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Wednesday, May 4, 2016

Lee Hamilton talks about American influence in world

Wednesday, March 16, 2011

Clarissa Peterson, right, professor of history, introduces Lee Hamilton before his Ubben Lecture Series speech on the role America plays in global affairs. Hamilton graduated from DePauw University in 1952 and served on the Indiana House of Representatives for over 30 years.
GREENCASTLE -- Former U.S. Representative and DePauw University alum Lee Hamilton visited his alma mater Tuesday night to talk about America's role in the future of domestic and world affairs. His speech, part of the Ubben Lecture Series, addressed the world today and a question often asked with the increase of power in China -- is the United States in decline?

The answer for Hamilton is no.

"I'm not running for anything so you can think what you want," Hamilton joked. "The problem is globalization is not global. There are winners and losers."

Hamilton addressed what he believes are the central realities of the world today: American power and leadership, the alignment and fluidity of the great powers, globalization and world turmoil. Each of these issues can be traced to a number of different world issues, including the energy crisis, terrorism and others.

"There are other types of insecurity all around us," Hamilton said.

America cannot impose its will on other nations, Hamilton said. What the U.S. can do is lead by example as well as become a leader instead of an imposer. America has the most resources and is one of the greatest problem solvers in the world, but it cannot solve problems alone. It must work with other countries to get these problems solved, Hamilton said.

"Our ability to accomplish things is unparalleled but limited," he said. "We cannot solve any one of these by ourselves, not one of them."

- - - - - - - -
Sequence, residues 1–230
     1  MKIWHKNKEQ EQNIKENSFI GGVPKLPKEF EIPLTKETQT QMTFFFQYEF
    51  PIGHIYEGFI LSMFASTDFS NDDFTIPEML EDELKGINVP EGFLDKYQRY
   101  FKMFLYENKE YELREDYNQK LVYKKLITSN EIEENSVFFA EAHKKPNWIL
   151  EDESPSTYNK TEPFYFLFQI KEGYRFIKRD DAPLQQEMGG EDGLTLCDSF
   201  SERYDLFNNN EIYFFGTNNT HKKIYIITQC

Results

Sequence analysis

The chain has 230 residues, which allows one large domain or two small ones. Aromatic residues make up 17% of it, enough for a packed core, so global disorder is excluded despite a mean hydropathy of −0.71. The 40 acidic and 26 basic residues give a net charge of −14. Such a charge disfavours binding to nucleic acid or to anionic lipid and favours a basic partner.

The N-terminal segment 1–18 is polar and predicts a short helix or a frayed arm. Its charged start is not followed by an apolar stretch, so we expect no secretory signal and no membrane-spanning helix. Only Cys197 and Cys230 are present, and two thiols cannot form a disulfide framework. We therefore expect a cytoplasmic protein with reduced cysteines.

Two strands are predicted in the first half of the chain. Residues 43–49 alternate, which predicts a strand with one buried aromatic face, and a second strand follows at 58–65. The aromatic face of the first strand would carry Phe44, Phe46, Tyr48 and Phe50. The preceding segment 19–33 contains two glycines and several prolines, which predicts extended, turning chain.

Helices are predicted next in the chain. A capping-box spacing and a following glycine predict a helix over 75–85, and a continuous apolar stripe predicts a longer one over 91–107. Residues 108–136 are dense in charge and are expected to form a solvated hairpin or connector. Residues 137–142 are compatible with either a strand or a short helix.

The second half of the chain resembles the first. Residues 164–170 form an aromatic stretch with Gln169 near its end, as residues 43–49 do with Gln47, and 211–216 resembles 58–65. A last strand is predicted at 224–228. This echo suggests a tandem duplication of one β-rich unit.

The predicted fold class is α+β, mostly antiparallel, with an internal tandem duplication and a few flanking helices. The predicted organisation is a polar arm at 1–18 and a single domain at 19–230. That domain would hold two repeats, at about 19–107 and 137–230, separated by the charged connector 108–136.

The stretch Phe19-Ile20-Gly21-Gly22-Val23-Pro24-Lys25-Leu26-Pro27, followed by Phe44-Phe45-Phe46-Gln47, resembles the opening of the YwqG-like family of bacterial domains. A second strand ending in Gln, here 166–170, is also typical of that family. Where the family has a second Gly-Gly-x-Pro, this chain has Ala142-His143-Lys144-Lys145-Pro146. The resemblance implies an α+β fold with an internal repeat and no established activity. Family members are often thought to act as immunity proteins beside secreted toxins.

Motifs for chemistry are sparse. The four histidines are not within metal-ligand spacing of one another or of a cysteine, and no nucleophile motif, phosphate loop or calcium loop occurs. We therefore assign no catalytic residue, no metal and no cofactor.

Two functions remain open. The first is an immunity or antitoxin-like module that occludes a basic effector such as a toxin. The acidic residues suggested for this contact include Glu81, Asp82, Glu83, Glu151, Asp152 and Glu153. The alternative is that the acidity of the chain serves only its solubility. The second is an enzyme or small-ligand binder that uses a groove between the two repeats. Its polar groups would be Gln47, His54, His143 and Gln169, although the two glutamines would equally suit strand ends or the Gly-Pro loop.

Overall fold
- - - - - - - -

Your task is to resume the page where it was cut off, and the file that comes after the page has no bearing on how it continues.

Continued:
The increasing globalization of the world has led to an increased dependence on other nations. Hamilton mentioned that what the United States-Japan or United States-Russia relationship of the past was, the relation to China is now.

"No matter what problem you talk about today, part of the solution is in the relationship between the United States and China," Hamilton said.

To solve some of these problems, the United States has to be patient, pragmatic and open to discussion, Hamilton said. Though he said many people do not like to hear these things, patience and openness led to the U.S. outlasting the former Soviet Union and ending the Cold War with no major disasters or casualties, and Hamilton said he believes patience will win out again.

"I don't believe we can solve all the problems in the world with diplomacy," Hamilton said. "I do believe we can solve some problems by talking to people.

"I think not talking is a near guarantee that problems will fester," he added.

But the best offense can be a good defense, and though the military must remain strong for the U.S. to accomplish many of its goals, it cannot be as highly funded or as prominent as it once was. Also, the U.S. must not take advantage of its military to interfere in needless conflicts, Hamilton said.

"It's very easy to get caught up in the Libyas and Iraqs," Hamilton said.

But Hamilton said he believes it is America's job to lead these global movements. Even though many around the world criticize American leadership, Hamilton said it is because of American leadership that many things have been accomplished, and if the U.S. does not pay attention to an issue the rest of the world often will not either.

"I don't see a plethora of leadership in the world," Hamilton said. "Good outcomes in the world are possible, but they are not inevitable."

If America can do these things and escape its current spending practices, alleviating its own debt in the process, America can continue to be a leader and the most powerful nation in the world. However, it is hard to say that America is in decline now. Simply because other nations, such as China and India, are getting stronger, does not mean America is getting weaker, Hamilton said. But he said he believes the United States is beginning to realize its limitations.

"It's far too early to conclude...America is in decline," he said. "It cuts to the very heart of what kind of country we are and the country we want to be."

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